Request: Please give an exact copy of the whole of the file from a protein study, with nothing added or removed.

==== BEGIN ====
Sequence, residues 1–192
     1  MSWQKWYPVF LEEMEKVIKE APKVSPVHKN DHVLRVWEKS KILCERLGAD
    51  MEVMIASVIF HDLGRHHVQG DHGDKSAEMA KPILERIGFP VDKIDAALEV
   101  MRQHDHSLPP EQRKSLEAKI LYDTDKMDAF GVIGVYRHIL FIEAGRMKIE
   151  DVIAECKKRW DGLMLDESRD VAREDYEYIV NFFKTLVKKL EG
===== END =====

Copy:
Sequence, residues 1–192
     1  MSWQKWYPVF LEEMEKVIKE APKVSPVHKN DHVLRVWEKS KILCERLGAD
    51  MEVMIASVIF HDLGRHHVQG DHGDKSAEMA KPILERIGFP VDKIDAALEV
   101  MRQHDHSLPP EQRKSLEAKI LYDTDKMDAF GVIGVYRHIL FIEAGRMKIE
   151  DVIAECKKRW DGLMLDESRD VAREDYEYIV NFFKTLVKKL EG